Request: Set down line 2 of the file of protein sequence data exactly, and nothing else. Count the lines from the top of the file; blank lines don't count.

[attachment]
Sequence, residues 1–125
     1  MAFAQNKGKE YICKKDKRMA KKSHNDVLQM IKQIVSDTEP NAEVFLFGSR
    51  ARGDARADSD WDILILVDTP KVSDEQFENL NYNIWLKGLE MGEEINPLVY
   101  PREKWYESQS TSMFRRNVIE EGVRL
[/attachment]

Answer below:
     1  MAFAQNKGKE YICKKDKRMA KKSHNDVLQM IKQIVSDTEP NAEVFLFGSR